Whereas, I thing we are in a more urgent situation, where it is absolutely essential for us to change our minds fundamentally. And in this sense, I could be likened to a fundamentalist Protestant preacher.

Stockhausen has recently employed a system of composition which involves the selection of one technique at a time from a number of different ways of working, and an attempt to let any one of them move into play. This gives the impression of a rich reservoir of contemporary techniques, indeterminacy would play the part of one, and you could call on it, as it were, when you had some use for it. But, that doesn't require a change of mind from what one previously had, and so nothing fundamentally different is taking place. I think one could see it very clearly in terms of painting. You could have certain parts of canvas controlled and others quite chaotic, and so you would be able to play, as it were, in the same way in which you had played before. What we nee is a use our Art which alters our lives - is useful in our lives. We are familiar with those plays of balance, so they couldn't possibly do anything to us, no matter how novel they were than they already have done. "New wine in old bottles."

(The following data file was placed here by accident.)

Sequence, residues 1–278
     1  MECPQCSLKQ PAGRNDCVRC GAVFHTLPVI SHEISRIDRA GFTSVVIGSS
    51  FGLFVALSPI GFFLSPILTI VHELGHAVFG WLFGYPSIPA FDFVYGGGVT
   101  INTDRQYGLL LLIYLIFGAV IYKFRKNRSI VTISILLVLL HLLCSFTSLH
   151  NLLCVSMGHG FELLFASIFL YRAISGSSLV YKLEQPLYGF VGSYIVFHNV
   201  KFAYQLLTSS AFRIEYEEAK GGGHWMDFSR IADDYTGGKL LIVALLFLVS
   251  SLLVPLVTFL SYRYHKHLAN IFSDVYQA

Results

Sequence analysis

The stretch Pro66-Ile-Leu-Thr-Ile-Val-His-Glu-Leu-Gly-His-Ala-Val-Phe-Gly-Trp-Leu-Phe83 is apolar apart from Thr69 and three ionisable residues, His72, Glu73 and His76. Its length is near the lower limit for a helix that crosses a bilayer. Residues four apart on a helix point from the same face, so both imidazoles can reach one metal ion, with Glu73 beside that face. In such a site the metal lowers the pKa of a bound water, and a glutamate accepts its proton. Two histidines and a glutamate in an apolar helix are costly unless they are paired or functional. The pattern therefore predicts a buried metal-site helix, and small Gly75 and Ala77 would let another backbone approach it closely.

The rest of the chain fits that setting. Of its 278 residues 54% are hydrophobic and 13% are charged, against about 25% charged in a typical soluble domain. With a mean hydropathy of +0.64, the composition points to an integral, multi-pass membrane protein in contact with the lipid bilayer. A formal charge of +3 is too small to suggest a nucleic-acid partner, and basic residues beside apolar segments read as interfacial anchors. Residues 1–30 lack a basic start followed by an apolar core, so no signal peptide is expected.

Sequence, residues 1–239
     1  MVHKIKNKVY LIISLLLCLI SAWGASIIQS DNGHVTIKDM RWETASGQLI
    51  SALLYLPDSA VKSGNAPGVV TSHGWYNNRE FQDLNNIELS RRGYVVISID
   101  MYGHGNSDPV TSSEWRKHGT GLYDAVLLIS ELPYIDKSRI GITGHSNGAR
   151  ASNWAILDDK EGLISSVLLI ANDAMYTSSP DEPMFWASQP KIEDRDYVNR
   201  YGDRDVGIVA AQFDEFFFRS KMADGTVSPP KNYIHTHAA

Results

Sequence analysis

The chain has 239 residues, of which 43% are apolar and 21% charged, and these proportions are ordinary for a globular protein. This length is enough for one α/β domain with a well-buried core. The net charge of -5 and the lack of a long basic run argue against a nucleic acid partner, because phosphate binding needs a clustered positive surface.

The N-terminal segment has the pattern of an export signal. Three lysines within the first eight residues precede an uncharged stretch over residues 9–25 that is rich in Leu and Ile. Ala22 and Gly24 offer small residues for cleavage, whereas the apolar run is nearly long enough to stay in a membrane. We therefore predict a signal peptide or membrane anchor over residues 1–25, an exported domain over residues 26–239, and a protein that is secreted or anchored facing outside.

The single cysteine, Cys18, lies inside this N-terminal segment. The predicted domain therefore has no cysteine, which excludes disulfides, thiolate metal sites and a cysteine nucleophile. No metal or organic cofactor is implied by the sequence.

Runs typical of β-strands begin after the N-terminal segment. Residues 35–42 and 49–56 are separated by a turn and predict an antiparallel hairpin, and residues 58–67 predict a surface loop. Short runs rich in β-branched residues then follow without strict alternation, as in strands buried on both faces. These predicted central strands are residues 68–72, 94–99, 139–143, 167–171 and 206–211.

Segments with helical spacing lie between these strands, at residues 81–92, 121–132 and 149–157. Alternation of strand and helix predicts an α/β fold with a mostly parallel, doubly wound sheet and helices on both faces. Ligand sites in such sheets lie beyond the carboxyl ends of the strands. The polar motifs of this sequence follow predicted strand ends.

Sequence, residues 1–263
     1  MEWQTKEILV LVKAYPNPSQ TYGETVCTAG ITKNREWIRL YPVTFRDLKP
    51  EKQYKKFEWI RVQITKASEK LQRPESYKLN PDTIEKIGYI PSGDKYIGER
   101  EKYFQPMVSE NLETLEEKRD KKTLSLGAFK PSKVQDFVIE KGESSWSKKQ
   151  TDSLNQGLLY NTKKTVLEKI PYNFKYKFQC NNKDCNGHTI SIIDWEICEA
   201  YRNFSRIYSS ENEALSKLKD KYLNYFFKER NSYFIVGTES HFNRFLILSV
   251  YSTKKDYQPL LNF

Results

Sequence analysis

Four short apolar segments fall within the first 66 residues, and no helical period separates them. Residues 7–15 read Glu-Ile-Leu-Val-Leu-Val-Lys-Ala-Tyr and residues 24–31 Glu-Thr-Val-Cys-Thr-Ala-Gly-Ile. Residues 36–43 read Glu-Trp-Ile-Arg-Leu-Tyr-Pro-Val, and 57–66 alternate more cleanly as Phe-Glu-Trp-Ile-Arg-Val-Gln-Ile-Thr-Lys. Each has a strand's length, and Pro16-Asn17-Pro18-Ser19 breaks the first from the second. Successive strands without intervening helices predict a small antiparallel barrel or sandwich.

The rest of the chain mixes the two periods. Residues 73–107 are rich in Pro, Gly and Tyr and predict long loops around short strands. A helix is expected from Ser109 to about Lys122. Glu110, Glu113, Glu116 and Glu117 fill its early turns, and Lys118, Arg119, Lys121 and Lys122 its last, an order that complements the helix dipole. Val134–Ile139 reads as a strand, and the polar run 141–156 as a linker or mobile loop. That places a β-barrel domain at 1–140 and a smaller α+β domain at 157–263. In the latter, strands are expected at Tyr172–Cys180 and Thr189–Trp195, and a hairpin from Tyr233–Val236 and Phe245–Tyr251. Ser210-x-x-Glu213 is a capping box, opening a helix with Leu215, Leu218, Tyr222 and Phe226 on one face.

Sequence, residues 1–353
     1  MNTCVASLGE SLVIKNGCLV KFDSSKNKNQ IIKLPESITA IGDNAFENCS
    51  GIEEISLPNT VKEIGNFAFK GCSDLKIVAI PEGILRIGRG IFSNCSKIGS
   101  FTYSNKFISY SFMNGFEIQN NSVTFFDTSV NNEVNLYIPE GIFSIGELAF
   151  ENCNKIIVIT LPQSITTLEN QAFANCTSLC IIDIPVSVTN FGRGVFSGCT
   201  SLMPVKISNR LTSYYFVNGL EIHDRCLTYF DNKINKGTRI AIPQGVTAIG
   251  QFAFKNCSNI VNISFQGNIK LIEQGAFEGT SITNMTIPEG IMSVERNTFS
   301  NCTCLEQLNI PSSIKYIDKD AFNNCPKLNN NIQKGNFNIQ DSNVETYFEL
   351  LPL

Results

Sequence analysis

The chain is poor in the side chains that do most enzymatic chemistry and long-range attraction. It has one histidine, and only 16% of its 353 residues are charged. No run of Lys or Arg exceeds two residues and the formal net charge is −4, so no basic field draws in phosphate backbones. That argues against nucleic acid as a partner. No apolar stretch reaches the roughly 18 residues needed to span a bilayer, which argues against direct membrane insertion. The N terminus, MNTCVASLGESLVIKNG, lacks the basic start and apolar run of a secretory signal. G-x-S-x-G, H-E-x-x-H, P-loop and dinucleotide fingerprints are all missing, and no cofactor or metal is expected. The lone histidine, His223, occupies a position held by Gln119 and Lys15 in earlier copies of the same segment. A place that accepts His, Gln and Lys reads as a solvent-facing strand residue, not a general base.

Robert Ashley: It seems to me that your influence on contemporary music, on "musicians," is such that the entire metaphor of music could change to such an extent that - time being uppermost as a definition of music - the ultimate result would be a music that wouldn't necessarily involve anything but the presence of people. That is, it seems to me that the most radical redefinition of music that I could think of would be one that defines "music" without reference to sound.